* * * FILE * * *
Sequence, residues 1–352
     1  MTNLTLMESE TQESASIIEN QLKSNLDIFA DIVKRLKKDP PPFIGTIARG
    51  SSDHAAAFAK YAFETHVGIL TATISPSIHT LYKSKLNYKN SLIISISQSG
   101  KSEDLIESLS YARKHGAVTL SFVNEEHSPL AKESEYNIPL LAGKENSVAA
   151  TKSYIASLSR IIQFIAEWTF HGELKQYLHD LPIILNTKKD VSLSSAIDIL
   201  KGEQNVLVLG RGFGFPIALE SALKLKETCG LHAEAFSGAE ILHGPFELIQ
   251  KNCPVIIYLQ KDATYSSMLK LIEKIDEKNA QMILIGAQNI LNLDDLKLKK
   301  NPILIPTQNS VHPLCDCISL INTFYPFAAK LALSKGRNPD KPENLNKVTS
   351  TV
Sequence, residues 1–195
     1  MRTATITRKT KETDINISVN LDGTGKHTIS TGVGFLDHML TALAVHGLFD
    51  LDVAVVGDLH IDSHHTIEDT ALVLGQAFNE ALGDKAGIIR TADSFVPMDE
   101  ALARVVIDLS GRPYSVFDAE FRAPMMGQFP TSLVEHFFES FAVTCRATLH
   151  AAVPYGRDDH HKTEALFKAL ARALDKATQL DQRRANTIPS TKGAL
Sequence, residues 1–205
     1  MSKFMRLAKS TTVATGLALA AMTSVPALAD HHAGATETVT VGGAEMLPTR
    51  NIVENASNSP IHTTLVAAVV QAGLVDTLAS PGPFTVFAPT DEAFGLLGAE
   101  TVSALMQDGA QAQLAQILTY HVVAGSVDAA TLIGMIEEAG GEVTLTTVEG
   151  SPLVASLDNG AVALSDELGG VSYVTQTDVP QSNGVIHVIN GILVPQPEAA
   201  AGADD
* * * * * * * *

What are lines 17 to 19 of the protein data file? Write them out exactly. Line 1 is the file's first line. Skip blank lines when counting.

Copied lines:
    51  NIVENASNSP IHTTLVAAVV QAGLVDTLAS PGPFTVFAPT DEAFGLLGAE
   101  TVSALMQDGA QAQLAQILTY HVVAGSVDAA TLIGMIEEAG GEVTLTTVEG
   151  SPLVASLDNG AVALSDELGG VSYVTQTDVP QSNGVIHVIN GILVPQPEAA